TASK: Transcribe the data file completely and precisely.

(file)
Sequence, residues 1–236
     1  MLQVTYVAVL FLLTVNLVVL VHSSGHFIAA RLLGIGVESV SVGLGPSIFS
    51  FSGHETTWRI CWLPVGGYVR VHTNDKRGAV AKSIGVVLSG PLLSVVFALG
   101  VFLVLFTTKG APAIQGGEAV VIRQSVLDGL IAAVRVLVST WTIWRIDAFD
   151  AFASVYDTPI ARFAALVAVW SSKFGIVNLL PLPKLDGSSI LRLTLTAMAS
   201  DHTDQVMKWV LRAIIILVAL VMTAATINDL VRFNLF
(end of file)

Sequence, residues 1–236
     1  MLQVTYVAVL FLLTVNLVVL VHSSGHFIAA RLLGIGVESV SVGLGPSIFS
    51  FSGHETTWRI CWLPVGGYVR VHTNDKRGAV AKSIGVVLSG PLLSVVFALG
   101  VFLVLFTTKG APAIQGGEAV VIRQSVLDGL IAAVRVLVST WTIWRIDAFD
   151  AFASVYDTPI ARFAALVAVW SSKFGIVNLL PLPKLDGSSI LRLTLTAMAS
   201  DHTDQVMKWV LRAIIILVAL VMTAATINDL VRFNLF